HOSPITAL bed numbers could be cut and minor injuries units closed under plans by NHS bosses to slash a £19 million health deficit.

NHS North Yorkshire and York hopes to claw back £10 million from the short-term cuts, which were revealed at a meeting of the trust’s cluster board yesterday at the Priory Street Centre in York. The body admitted many of the cuts will be “unpalatable” to the public.

Trust chiefs have until the end of March to wipe out the deficit before they hand over spending powers to the new clinical commissioning groups (CCGs), made up of local GPs.

Proposed savings include £3.1 million from no longer routinely inviting outpatients for follow-up tests, such as blood pressure checks.

It is hoped £2.8 million can be saved in a review of non-emergency surgery.

Dr David Geddes, the trust’s medical director said a temporary stop would be put to services such as “toenails, lumps, bumps and injections into joints”.

Meanwhile, short-term closure of some hospital beds is hoped to save £400,000.

Dr Geddes also proposed buying cheaper drugs which do the same job as more expensive rivals, such as substituting the cancer drug Herceptin for the cheaper Avastin.

Minor Injuries Units, such as those in Malton and Selby , could have opening hours slashed or in some cases be closed altogether.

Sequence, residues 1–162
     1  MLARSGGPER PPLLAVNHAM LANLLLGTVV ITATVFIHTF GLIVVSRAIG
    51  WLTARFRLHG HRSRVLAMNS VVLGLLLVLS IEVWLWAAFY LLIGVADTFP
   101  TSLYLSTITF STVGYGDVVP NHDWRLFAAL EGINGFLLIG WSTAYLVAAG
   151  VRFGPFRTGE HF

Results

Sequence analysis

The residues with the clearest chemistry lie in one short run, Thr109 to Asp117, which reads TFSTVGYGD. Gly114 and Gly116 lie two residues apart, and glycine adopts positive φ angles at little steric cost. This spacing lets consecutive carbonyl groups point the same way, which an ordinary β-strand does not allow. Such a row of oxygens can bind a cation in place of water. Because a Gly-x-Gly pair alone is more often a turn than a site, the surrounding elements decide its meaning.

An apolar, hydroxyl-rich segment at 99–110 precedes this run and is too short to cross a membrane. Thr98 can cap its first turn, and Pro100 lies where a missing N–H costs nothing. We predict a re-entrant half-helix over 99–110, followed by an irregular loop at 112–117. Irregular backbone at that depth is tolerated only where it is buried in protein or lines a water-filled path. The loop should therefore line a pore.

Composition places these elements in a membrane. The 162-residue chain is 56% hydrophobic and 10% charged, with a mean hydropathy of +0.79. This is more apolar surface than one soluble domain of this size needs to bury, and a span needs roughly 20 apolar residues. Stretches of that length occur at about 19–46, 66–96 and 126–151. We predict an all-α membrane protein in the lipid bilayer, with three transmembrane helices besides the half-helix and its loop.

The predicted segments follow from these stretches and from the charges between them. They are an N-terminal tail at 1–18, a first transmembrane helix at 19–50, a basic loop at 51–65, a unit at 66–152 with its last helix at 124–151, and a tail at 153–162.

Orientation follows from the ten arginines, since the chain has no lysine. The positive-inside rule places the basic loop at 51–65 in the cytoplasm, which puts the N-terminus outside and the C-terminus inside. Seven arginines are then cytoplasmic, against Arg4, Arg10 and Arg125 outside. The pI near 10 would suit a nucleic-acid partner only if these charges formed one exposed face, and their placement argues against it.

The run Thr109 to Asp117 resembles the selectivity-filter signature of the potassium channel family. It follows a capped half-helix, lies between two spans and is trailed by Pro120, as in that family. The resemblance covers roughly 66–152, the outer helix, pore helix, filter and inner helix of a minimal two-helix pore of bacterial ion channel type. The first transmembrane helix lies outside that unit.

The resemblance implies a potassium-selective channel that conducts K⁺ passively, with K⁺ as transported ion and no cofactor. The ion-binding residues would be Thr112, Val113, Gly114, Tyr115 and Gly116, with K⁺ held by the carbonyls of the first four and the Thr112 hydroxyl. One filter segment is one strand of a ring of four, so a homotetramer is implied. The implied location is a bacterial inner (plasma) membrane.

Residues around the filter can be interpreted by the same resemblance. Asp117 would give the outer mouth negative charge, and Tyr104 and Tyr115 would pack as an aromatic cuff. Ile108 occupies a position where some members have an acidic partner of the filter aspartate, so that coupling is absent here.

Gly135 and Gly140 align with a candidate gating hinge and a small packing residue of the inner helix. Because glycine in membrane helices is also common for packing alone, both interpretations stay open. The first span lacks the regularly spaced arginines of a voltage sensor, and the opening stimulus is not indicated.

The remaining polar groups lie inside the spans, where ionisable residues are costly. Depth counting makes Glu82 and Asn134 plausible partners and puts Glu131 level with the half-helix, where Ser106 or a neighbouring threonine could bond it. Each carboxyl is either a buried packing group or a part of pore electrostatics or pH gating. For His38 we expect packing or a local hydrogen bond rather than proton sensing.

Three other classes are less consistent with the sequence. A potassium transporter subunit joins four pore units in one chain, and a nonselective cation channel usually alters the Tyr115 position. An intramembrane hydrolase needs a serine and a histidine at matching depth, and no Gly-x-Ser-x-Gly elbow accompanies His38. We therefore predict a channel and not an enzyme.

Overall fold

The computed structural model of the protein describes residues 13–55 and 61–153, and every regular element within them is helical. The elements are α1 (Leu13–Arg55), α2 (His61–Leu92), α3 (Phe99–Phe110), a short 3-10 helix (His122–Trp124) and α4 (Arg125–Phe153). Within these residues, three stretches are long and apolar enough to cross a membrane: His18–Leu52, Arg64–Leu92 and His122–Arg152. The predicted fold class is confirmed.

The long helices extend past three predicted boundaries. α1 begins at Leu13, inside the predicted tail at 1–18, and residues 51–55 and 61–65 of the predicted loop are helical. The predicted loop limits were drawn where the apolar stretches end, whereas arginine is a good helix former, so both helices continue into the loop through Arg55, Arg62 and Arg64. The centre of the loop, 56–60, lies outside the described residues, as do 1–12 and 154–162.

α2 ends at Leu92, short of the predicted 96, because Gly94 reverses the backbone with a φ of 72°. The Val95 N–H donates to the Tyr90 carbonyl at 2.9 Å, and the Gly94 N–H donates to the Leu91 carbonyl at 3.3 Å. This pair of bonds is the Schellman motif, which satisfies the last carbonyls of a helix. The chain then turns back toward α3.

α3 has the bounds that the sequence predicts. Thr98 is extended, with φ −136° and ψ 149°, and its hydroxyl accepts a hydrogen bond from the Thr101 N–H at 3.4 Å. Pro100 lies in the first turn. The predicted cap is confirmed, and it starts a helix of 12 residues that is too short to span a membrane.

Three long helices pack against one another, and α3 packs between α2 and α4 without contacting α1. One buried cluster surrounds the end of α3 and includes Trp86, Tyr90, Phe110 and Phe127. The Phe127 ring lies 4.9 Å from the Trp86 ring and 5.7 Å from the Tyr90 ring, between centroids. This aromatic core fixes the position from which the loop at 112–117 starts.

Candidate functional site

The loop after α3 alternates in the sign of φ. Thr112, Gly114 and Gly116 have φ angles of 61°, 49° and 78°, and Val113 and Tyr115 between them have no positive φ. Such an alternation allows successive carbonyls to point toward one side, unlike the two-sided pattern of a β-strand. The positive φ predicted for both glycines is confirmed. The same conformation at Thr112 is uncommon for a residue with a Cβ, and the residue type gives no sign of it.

Chris Long, chief executive of NHS North Yorkshire and York, admitted that without the cuts, the CCGs could start life inheriting up to a third of the existing deficit.

He said: “We need some immediate, short-term measures.”

He said the deficit had been worsened by higher than expected demand for hospital services.

Scarborough GP Douglas Moederle-Lumb told the meeting that if funding to GP practices was cut it could see some struggle to survive.

He said: “This paper could be the longest suicide note this organisation has ever written.”

Professor Alan Maynard, of the University of York , who also has a seat on the shadow Vale of York CCG, said: “CCGs are only just beginning to get staff and we are being set a task which the PCT (primary care trust) has failed to achieve.

“The PCT is reporting a deficit of £19million – how can we do anything different from them?”


List of proposed changes and the expected savings

  1. A review of non-emergency surgery – £2.8 million
  2. End to routine invitations for outpatient follow-up tests – £3.1 million
  3. A review of Minor Injury Unit opening hours, with a view to some closures – £0.4 million
  4. A review of community hospital beds with a view to some closures – £0.4 million
  5. Using cheaper drugs which deliver the same results – £0.6 million
  6. An end to GPs providing extra services such as treating minor injuries – £0.6 million
  7. A review of mental health and continuing care placements – £1.5 million
  8. Stopping the increase in health visitor numbers – £0.2 million
  9. Redesigning patient transport – £0.4 million